Call Letters: KMJK
City of License: North Kansas City, MO
Format: Urban Adult Contemporary "Magic 107.3"
Owner: Volt Media, LLC.
KCFM/KXXR frequency switch, 1992|
KISF 1994 legal ID
KISF July 1995 montage
KCCX 1997 sweeper
1981-1984 - KBEK-FM - Country
The station dates back to KLEX-FM, which signed on September 11, 1969, at 106.3 mHz. The call letters became KBEK-FM in 1976. KBEK moved to 107.3 mHz (a huge upgrade in comparison to the class A 106.3 frequency) in 1981. Lexington Broadcasters owned the station until 1989.
1984-1988 - KCAC-FM - Sat. Soft Adult Contemporary
KBEK station changed format in 1984. KCAC equaled Kansas City's Adult Contemporary. KCAC used the StarStation format from the Satellite Music Network.
1988-1992 - KCFM - Country
The KCFM call letters were assigned December 1, 1988. A group calling itself KCFM, Inc., took control in September 1989. The station returned to country music; it was partially satellite-fed. KCFM received an upgrade of sorts by moving to 106.5 in February 1992.
1992-1993 - KXXR - CHR
KXXR got a reprieve by moving from 106.5, otherwise, KXXR would've changed formats. The station didn't have the same dance lean as it did on 106.5. After the frequency switch, Ragen Henry operated the station through a local marketing agreement.
1993-1994 - KISF - CHR "Kiss 107.3."
KISF was essentially the same station as KXXR, but with a "Kiss" branding on them. The KISF call letters were assigned January 25, 1993. They had problems covering all of the KC metro though (even though I could hear them in Lawrence just fine). At this time, they were the only CHR station in the market. Not surprisingly, 107.3 had its best ratings at this time. A month after becoming "Kiss," the station became the defacto CHR outlet for the market.
1994-1997 - KISF - Modern Rock "Kiss 107.3" / "The New 107.3"
With KMXV now on board as CHR competition, KISF took a new direction as a modern rock station in late 1994. KISF was not quite the same station as KLZR, but more apt to play 1980s new wave. KISF made the changeover with little fanfare, and routinely replayed callers, unaware of the change, requesting Mariah Carey songs. KISF went through a lot of re-imaging, eventually just calling themselves "107.3". At some point, Stan and Joel's "Radio Free Westport" show from KY102 moved here, retitled as "The Living Room". Syncom took over the station on June 25, 1996.
1997-1998 - KCCX - Modern Rock "107-3 the X"
"X" is cool, right? Not in the eyes of KCFX, which threatened legal action because the call letters were so similar. The KCCX call letters were first used June 23, 1997. The station had taken a harder lean to it at this time as well, even playing Metallica. They also picked up syndicated Mancow for the mornings. At the time, Mancow's show at WRCX in Chicago only had a few stations willing to syndicate his show. Mancow is actually from the Kansas City area, and interned under Randy Miller.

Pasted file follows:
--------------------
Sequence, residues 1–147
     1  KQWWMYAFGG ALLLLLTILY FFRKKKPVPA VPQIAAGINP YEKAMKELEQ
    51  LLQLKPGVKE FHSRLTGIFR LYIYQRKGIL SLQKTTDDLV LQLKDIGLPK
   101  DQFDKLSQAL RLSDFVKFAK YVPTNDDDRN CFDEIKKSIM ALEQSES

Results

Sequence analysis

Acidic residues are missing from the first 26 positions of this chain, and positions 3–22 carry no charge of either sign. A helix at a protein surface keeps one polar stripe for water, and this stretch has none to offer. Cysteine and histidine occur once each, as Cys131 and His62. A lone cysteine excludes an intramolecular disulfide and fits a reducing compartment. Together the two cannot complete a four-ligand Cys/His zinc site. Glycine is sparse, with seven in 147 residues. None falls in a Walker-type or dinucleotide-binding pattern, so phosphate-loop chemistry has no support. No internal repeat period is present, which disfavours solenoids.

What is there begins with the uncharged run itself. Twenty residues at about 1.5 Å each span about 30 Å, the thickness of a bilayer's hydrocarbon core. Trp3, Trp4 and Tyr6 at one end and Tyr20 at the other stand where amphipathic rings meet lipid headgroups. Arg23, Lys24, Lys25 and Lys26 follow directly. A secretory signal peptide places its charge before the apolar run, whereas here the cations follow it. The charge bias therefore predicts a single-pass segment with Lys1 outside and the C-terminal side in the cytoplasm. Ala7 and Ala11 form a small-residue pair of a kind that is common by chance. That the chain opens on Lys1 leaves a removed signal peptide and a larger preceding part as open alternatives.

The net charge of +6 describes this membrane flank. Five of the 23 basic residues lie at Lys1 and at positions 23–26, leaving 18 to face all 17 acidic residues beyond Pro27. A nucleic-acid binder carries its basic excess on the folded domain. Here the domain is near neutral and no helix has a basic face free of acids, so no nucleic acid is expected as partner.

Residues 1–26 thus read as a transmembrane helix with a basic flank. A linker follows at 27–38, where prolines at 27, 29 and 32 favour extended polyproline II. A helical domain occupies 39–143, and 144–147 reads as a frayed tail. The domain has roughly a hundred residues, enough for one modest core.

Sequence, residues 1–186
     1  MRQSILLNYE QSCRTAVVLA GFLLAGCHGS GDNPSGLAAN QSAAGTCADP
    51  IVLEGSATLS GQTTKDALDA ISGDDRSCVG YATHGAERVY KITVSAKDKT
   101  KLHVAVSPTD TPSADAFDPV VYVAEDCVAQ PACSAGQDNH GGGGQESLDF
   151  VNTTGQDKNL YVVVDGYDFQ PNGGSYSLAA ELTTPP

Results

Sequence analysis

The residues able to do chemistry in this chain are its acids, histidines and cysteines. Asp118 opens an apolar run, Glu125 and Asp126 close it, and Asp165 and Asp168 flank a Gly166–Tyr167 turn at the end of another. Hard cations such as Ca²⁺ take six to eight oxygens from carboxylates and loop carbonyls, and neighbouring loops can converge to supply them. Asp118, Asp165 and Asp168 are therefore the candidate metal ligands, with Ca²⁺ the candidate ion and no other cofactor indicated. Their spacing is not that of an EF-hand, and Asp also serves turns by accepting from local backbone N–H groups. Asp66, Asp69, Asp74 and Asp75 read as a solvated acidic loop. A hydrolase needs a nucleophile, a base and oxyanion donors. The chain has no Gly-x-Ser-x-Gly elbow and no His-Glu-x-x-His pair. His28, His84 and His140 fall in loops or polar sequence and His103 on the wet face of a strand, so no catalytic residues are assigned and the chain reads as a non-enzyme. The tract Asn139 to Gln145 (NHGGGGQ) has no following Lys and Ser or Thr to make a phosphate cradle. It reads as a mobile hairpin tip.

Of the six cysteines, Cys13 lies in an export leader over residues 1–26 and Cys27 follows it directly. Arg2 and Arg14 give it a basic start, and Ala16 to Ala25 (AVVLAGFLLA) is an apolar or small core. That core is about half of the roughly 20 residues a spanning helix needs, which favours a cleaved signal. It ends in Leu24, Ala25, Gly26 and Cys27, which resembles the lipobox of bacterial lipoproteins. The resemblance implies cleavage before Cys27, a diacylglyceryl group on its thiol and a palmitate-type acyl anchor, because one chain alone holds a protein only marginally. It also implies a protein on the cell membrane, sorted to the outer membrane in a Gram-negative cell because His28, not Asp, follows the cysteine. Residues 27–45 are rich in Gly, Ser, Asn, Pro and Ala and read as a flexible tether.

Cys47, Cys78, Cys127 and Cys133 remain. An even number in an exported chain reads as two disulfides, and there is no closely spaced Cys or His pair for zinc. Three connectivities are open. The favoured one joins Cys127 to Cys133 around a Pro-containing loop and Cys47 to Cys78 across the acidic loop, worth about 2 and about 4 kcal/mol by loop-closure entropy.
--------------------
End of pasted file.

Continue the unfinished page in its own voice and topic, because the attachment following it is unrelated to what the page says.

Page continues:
1998-1999 - KNRX - Modern Rock "107-3 the X"
KNRX was the same station as above, but these are the call letters with which the modern rock format ended. KNRX was first used as the call letters March 1, 1998. In Janaury 1999, about an hour after KOZN debuted its new format, KNRX quietly played the acoustic version of Stone Temple Pilots' "Plush," and rolled into a stunt.
1999-2001 - KNRX - R&B Oldies "K-107."
After 24 hours of a remix of "1999" by Prince, Kansas City received a full-time "black oldies" station on January 6, 1999. Officially, the industry called it Jammin' Oldies. The format swept the country in the late 1990s. K-107 was a mixture of motown, soul, funk, disco, and r&b. They picked up the syndicated Tom Joyner show for mornings. The station saw its best ratings since its Top 40 days in 1993.
2001-current - KMJK - Urban Adult Contemporary "Magic 107.3"
In 2001, K107 added more currents, and changed its name to Magic 107.3. That ruffled some feathers in Topeka, home of Magic 107.7. Cumulus bought the station, along with KCHZ, near the end of 2003, thereby ending any complaints over the "Magic" name, as Cumulus also owned Topeka's KMAJ-FM. When KCIY dropped its smooth jazz format, KMJK started its own smooth jazz show on Sundays. In November 2007, KMJK changed its city of license to North Kansas City. The new tower is southeast of Levasy, whereas the old tower sat a little north of Odessa. In 2011, Cumulus listed KMJK in a potential divesture document as part of its Citadel purchase, hinting at either a future sale, or the move into a trust while maintaining operational control. At the same time, the station has fallen behind in the ratings, near the bottom of the market's commercial FMs. In September 2011, Cumulus moved KMJK into the Volt Media, LLC. trust. But a few weeks later, Cumulus filed to bring it back into the Cumulus portfolio.